Last week, Aug. 7-13, communities across the country celebrated National Farmers Market Week. I joined in by heading to my favorite Dane County Farmers Market. As the largest producer-only market in the country, it surrounds Madison’s Capitol Square with a cornucopia of fresh vegetables, fruit, meat, cheese, baked goods, flowers and more. It’s a beloved Saturday tradition and a definite must-do destination.
What’s the big deal about farmers markets and why is it so important to support them?
The most obvious reasons are the opportunity to taste food at its best and to meet the farmers who produce it. But here are five equally important reasons.
1. Seasonal Flavor
Long before the days of picking produce in an unripened state, stockpiling it in warehouses and then trucking it cross-country, people ate differently. They ate seasonally. That is to say they harvested food grown in their own good earth at the time it was peak in ripeness, and they then either ate it or home-preserved it while it was still fresh. If they were Midwesterners, they ate asparagus in spring, tomatoes in summer, and apples in autumn. Because withstanding the rigors of transportation was not an issue, these now-heritage varietals were grown with an emphasis on flavor. They were nutritious and, oh, so full of natural tastiness.
Farmers markets allow us to go back to those times. They enable us to celebrate the God-given rhythm of growing seasons and purchase foods at their highest quality. On top of that, farmers markets offer a wonderful diversity, with many varietals we’ll never find in commercial groceries.
A great book on the benefits of eating seasonally is Animal, Vegetable, Miracle, by Barbara Kingsolver.
2. Environmentally Friendly
Scientific American coined the term “5,000-mile salad” in reference to the global distance an increasing number of our store-bought fruits and vegetables travel. Conversely, many farmers markets require vendors to sell food produced within a specified distance, some as low as 50–100 miles. Buying from the farmers market means you’re spending your dollars on food, not fossil fuels.
Americans have developed an insatiable appetite for healthy food and farmers markets are rising to meet the demand. Saturday, as I moved in a shoulder-to-shoulder flow of people, I noticed a majority of venders advertising themselves as using organic and GMO-free practices.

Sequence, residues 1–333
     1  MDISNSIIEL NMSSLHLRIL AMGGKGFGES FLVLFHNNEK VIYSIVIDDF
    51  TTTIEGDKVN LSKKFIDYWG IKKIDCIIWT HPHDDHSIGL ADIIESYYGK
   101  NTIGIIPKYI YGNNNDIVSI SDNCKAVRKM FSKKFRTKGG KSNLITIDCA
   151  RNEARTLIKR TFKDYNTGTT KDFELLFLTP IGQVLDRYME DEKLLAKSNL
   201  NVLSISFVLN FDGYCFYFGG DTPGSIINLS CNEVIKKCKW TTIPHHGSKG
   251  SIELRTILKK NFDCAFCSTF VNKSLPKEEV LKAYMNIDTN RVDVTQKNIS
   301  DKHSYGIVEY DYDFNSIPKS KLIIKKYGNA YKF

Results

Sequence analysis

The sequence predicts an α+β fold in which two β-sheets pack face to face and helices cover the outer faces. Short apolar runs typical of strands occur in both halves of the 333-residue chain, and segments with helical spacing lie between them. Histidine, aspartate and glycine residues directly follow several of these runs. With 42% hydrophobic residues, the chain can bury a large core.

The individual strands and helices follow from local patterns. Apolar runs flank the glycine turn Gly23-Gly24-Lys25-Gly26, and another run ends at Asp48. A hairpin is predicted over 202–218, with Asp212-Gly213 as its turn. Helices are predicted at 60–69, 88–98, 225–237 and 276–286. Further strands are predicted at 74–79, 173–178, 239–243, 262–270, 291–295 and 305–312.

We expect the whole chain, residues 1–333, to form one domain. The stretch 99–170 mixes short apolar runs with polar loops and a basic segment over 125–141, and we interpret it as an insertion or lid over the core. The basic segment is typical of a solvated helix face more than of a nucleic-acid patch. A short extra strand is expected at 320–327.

Market vendors love to discuss farming with their customers. They share a contagious energy for growing good food and protecting the soil in which its grown.
I went to Saturday’s market to supplement my own garden with poblano peppers for Marisa McClellan’s corn salsa recipe. I happily came away with a few extra items, all for less than $20.
- 2 bags squeaky fresh cheese curds: $5 each
- 1 lb. crowns-only broccoli: $1
- 2 lb. carrots: $2
- 4 poblano and red peppers: $2.75
Shopping seasonally and locally enables us to buy better quality for less money. Take this $1 broccoli, for example. Apparently my area is having a bountiful year for cruciferous vegetables and they’re priced exceptionally low. Next week, after I’ve finished canning corn, I’ll be back for more broccoli to put up for winter. Fresh, local, inexpensive—how can I go wrong?
Healthy, organic food has a reputation of being too costly but farmers markets debunk such nonsense. Farmers markets offer us a way to eat healthy and economically all year long.
The farmers market is just plain fun. It’s a bringing together of humanity to celebrate one of our most basic joys and needs—food. Good food! At the Dane County Farmers Market, families gather for picnics on the Capitol lawn. Street musicians bring festivity to the air. Dancers entertain us. At my small, hometown Tuesday market, friends and neighbors greet one another by name. The honey vendor offers me, a newbie beekeeper, helpful advice and happily takes my empty jars for recycling.
5. Support for the Local, Sustainable Farmer
I have a soft spot for the self-employed. I revere those with the moxie to separate themselves from corporate America, those with a drive for something more than money—in this case, food that won’t poison us or the earth. For these entrepreneuring hearts, a farmers market is the land of opportunity.
A farmers market is where the handcrafted soapmaker supplements the family’s income so he or she can stay home with the kids. Where immigrants can make a living and connect with the community. Where whole families can work together and kids gain the confidence that comes with business and social skills. Where the high school musician can earn money for college. Where farmers can continue in small, organic practices because there are customers who share their passion for quality food.
Supporting your local farmers market affords these opportunities to continue. If local farmers succeed, they will continue providing us with quality food and they will invest their earnings back into our community. Their success is our success.
Another great book is Gaining Ground, by Forrest Pritchard. It’s a hard-work-and-economics story of establishing his grass-finished beef in the Washington D.C. farmers markets.
A Farmers Market Near You
Looking for market locations and schedules? Here is a national directory. Also, here is a south-central Wisconsin directory (it’s a social media post I did for Forward Mutual—I can write for your organization too, by the way:-).